Dead End America

Dead End America

There are no other ways to describe the sound of Dead End America than comparing it to the combination of The Accused and Poison Idea. Taking into account that both members of these bands contributed to the creation of the album, Crush The Machine, how else would it sound?

Even though Steven Hanford tragically passed away this May, his child continues to live. Formed by Hanford and guitarist Tony Avila (World Of Lies, Why Won’t You Die, Aborted Cop), the Dead End America was later joined by various members and collaborators – such as Ian Watts (Minmae. Ape Machine), Nick Oliveri (Mondo Generator, Kyuss, Queens Of The Stone Age), Mike IX Williams (EyeHateGod] and Blaine Cook [The Accüsed A.D., The Fartz ).

It’s not much about the members, but the collective sound they’re creating together – uncompromising nerve-wracking punk-rock. As powerful as an earthquake, an incredible melting pot of all the influences and styles these musicians brough to the table. Crush The Machine is released today through Southern Lord Records. I got the chance to speak to the members of Dead End America about their love of Poison Idea and formation of the band, about punk-rock attitude and first musical discoveries, about future plans and writing process.

LTW: Dead End America was basically started with the idea of collaboration. And at the beginning you didn’t have an intention to put out a record. How did it all come together for you? 

Mike IX: Steve (Hanford) had thrown me the idea of singing on a track for this project he was putting together during the lockdown and I of course said yes. I didn’t know how far it would go, but when Southern Lord picked it up it was on. I would never pass up the idea to work with Steve, a great guy with a great musical track record as well as being an incredible drummer.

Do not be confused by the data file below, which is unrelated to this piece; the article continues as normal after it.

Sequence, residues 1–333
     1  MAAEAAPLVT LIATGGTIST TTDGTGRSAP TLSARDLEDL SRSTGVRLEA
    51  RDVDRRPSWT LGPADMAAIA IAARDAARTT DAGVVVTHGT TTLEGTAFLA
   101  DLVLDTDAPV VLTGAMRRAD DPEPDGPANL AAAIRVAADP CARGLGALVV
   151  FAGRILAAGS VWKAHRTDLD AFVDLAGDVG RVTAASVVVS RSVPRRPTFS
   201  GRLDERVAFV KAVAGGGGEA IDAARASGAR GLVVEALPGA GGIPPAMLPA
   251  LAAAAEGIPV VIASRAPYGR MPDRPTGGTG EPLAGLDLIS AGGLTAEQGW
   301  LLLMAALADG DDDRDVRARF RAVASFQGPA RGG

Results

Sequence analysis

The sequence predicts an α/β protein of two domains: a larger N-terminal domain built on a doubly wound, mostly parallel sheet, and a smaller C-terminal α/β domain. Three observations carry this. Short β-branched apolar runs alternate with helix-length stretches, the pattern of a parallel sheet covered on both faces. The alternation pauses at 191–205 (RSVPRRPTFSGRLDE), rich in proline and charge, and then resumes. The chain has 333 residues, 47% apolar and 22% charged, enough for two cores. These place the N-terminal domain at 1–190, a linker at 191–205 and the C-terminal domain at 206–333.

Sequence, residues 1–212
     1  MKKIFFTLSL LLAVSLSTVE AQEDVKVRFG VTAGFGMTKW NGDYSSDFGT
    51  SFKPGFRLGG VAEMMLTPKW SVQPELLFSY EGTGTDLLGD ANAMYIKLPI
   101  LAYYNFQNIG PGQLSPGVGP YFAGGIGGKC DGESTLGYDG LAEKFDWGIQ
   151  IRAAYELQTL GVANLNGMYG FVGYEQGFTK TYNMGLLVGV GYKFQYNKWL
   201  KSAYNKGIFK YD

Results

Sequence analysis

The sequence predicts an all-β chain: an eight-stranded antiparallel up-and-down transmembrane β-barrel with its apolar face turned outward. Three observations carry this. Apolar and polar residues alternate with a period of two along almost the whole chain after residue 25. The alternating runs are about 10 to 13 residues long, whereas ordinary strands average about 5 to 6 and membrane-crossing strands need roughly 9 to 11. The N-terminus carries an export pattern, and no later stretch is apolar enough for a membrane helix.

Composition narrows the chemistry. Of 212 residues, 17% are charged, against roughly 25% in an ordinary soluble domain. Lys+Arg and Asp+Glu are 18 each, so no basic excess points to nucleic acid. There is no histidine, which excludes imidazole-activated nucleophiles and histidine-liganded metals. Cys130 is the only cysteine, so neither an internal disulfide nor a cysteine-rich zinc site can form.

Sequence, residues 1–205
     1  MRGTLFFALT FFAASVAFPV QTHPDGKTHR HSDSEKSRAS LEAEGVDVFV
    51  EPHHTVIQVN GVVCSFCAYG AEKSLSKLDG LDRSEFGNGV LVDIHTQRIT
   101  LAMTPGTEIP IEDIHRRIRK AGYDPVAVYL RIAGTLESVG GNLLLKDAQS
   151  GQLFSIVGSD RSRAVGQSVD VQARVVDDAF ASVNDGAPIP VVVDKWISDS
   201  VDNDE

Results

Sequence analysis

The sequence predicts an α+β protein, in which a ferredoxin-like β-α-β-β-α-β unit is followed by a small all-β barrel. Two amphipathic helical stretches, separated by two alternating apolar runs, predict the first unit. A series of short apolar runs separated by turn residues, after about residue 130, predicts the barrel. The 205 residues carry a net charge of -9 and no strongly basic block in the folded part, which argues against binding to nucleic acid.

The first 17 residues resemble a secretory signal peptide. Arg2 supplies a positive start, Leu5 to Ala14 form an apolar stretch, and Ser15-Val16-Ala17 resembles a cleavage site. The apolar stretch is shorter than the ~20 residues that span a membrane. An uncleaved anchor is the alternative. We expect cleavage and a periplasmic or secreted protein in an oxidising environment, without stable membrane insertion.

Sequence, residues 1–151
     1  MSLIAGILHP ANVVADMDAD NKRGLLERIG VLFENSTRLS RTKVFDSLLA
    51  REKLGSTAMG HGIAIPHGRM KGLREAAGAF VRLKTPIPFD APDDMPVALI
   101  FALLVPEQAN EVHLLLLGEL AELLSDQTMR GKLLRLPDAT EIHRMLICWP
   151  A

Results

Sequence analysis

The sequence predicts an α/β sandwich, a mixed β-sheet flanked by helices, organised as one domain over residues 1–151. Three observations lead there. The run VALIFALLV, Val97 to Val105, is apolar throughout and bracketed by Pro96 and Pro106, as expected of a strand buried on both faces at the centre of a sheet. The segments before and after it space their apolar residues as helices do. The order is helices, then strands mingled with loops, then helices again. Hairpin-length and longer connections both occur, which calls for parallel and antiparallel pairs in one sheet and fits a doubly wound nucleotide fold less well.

Tony: Steve and I agreed to do a COVID-project and within a week of agreeing the songs were written and recorded. I thought it might just be him and me on it but while we were recording he started bringing up the names of everyone who ended up on it.

Nick: Steve “Thee Slayer Hippy” Hanford asked me to play bass on the 4 tracks that he and Tony had recorded. He also asked me to sing and write lyrics for one of the songs. Ian Watts had also recorded my band Mondo Generator’s last record Fuck It with Slayer Hippy producing it, had put down lead guitar on DEA and mixed the full ep. I then sent it to a friend of mine Greg Anderson who has a label called Southern Lord Recordings. Greg liked it and said he would gladly put it out! I then asked poster artist Dirty Donny to do the cover art, he said he would! I asked one of Steve’s old pals and a friend of mine, Mark Lanegan to do some liner notes for it and he gladly said “Yes!” as well! Not to mention Steve had put in a place Mike IX from Eyehategod And Blaine from accused A.D. to write lyrics and sing on tracks, and it was an honor to be on the same songs with such bad-ass-inspiring musicians. And being a friend of Steve’s, a huge fan of his drumming and Poison Idea obviously I’m more than stoked about Dead End America!

Dead End America – interview and EP news

LTW: Mostly, D.E.A united different musicians within their love of punk rock. When you started working together – what it was like? 

Mike IX: Like any other project starts, it all came very easily. I was anxious to work with Steve and Nick and now that I know the other guys it’s been a very natural process.

Ian: It was very natural. Things just came together quickly, because we were all on the same page musically and we love a lot of the same stuff. Also, Steve and Tony had a lot of vision ideas for the music.